Benedict XVI to the Christians of the Holy Land: Stay!

In the State of Israel and the Palestinian Territories, Christians form a minority of the population. Perhaps at times you feel that your voice counts for little. Many of your fellow Christians have emigrated, in the hope of finding greater security and better prospects elsewhere. Your situation calls to mind that of the young virgin Mary, who led a hidden life in Nazareth, with little by way of worldly wealth or influence. Yet to quote Mary’s words in her great hymn of praise, the Magnificat, God has looked upon his servant in her lowliness, he has filled the hungry with good things. Draw strength from Mary’s canticle, which very soon we will be singing in union with the whole Church throughout the world! Have the confidence to be faithful to Christ and to remain here in the land that he sanctified with his own presence!

From Vespers at the Basilica of the Annunciation in Nazareth

Thursday, May 14, 2009

The Pope in Nazareth

I saw it on TV, and as I was watching I thought: how many tens of thousands of Muslims are hearing the Bible being read for the first time ever in their lives?

Please pray for them, and the bishop of Rome, that illustrious city.

Abu Daoud

Wednesday, May 13, 2009

Musallam: Qutb's emergence and Egypt losing to Israel in 48

“Qutb’s emergence in 1949 as a champion of the Islamic way and his total alienation from the status quo should be seen within the context of the general public outrage at the Egyptian and Arab performance in the disastrous Palestine War.” p 62

Musallam, Adnan A. ‘Sayyid Qutb and Social Justice, 1945-1948’ in Journal of Islamic Studies, Vol 4:1, 1993, pp 52-70.

1967, the Demise of Arab Nationalism, the Islamic Reforms

“In 1967 Egypt was for the third time defeated in war against Israel, and again lost the Sinai Peninsula. This defeat became a symbol of the bankruptcy of secular Arab nationalism, and signaled a profound ideological shift in favor of an alternative project—Islamism.”

P. 98, Peter R. Demant and Asgharali Engineer.
Islam vs. Islamism: The Dilemma of the Muslim World. Greenwood Publishing Group 2006.

Monday, May 11, 2009

Why use the Koran in witnessing to Muslims?

From a Camel Training Guide, no author, no date, no publisher, p 40:

1) We must start where they are.
2) We cannot be blamed for making converts when I use their holy book to confront them with who Jesus is.
3) Using the Koran enables a Muslim Background believer to relate to his family and friends and minimize persecution.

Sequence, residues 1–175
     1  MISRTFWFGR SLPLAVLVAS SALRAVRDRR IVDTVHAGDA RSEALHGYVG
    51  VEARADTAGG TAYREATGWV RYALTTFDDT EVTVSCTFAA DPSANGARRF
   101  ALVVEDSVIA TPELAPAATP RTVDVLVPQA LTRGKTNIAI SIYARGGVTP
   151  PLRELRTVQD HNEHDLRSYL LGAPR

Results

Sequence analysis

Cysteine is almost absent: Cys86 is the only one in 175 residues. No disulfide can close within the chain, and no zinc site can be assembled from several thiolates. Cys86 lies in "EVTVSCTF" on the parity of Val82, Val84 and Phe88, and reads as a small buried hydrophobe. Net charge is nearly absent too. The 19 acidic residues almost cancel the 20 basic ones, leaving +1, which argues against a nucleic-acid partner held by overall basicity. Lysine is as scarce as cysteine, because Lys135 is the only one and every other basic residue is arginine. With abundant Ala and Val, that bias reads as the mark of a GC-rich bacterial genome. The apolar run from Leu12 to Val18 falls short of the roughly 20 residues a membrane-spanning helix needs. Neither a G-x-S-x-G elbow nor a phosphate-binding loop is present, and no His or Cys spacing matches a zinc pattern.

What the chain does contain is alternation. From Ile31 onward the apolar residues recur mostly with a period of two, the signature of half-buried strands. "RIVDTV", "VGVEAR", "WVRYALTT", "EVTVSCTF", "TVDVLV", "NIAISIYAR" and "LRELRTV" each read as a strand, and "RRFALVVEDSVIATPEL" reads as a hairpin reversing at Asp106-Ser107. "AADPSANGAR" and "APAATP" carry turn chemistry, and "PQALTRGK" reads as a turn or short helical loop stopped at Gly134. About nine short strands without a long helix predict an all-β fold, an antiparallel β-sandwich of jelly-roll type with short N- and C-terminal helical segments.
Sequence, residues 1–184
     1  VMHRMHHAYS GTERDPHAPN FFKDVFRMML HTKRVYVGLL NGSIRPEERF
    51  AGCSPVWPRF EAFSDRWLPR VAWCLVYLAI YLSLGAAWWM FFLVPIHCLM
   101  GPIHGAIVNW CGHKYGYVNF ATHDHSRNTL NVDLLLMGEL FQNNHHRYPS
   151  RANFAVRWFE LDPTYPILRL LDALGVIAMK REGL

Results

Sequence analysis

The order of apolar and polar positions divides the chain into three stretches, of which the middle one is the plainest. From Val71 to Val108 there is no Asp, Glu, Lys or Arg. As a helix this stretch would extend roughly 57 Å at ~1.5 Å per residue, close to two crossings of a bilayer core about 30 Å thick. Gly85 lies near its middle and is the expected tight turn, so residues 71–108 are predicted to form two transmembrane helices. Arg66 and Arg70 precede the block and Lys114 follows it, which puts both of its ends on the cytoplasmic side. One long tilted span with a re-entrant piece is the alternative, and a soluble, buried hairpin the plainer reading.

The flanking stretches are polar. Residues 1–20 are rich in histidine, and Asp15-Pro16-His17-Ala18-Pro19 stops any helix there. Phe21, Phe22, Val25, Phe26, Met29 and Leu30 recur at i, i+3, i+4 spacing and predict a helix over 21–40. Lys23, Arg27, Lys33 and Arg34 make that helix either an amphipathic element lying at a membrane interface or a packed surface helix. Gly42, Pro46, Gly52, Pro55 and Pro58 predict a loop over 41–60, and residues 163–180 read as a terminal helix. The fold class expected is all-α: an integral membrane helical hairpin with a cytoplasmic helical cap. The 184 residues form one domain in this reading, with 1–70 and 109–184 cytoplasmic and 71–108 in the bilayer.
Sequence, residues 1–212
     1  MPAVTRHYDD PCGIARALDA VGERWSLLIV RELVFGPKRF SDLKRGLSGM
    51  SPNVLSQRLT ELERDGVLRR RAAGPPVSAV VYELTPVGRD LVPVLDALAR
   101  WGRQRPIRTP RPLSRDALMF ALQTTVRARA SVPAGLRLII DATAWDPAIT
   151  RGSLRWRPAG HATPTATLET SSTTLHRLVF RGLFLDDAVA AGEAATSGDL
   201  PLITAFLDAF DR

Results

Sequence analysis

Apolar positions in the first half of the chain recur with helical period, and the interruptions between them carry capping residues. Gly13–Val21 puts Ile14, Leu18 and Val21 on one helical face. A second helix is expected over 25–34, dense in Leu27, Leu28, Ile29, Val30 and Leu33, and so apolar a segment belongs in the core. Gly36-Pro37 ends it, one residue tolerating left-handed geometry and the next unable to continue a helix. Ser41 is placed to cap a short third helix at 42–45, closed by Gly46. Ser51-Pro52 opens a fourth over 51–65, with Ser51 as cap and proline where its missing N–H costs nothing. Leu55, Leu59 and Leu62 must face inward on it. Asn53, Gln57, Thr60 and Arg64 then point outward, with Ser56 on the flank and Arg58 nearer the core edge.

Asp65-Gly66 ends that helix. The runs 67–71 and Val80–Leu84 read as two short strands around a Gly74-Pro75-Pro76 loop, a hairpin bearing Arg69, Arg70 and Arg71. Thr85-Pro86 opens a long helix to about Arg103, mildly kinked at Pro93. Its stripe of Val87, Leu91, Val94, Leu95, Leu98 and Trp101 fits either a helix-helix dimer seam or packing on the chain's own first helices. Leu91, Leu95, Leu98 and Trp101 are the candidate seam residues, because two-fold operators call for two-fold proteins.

4) We can use the Koran to lift Jesus out of prophet status and closer to Savior status in the mind of a Muslim.

Saturday, May 09, 2009

Hadith on Muhammad as Savior

Sahih Muslim, Book 30, Number 5655:

Abu Huraira reported Allah's Messenger (may peace be upon him) as saying: I shall be pre-eminent amongst the descendants of Adam on the Day of Resurrection and I will be the first intercessor and the first whose intercession will be accepted (by Allah).

It is Hallal to carry a child during salaat

Muslim Sahih, Book 8, Number 1107:

Abu Qatadi reported: I saw the Messenger of Allah (may peace be upon him) saying the prayer while he was carrying Umama, daughter of Zainab, daughter of the Messenger of Allah (may peace be upon him). and Abu'l-'As b. al-Rabi'. When he stood up, he took her up and when he prostrated he put her down,Yahya said: Malik replied in the affirmative.

Hadith on Muhammad on Christians and Jews

Sahih Muslim, Book 4, Number 1082:

'A'isha and Abdullah reported: As the Messenger of Allah (may peace be upon him) was about to breathe his last, he drew his sheet upon his face and when he felt uneasy, he uncovered his face and said in that very state: Let there be curse upon the Jews and the Christians that they have taken the graves of their apostles as places of worship. He in fact warned (his men) against what they (the Jews and the Christians) did.

Comments from an ex-Muslim on Circular Reason

Am now reading Leaving Islam: Apostates Speak Out, ed. by Ibn Warraq. It is quite an interesting read to be honest, as Ibn Warraq and many of the folks in this book did not leave Islam for Christianity (something I have studied a great deal), but for atheism or secularism or perhaps deism. A very different sort of texture to their stories.

Here are some comments from one ex-Muslim on his experience with speaking to Muslims about God and doubt:

When you debate with a Muslim and he does not know what to say, he always says, "God is the author of the Koran because that's what it says in the Koran." It is absurd to prove something by itself. Sometimes when I hear these responses I feel like giving up on exposing the truth about Islam and religion...

p. 118

Thursday, May 07, 2009

Islamic Demographics and Europe

Here are some recent figures on the demographics of the ten most populaous countries in Europe, and the ten most populous Muslim countries in the world (ie, >60% Muslim). Turkey is in both groups of course.

Ten Most Populous Countries in Europe: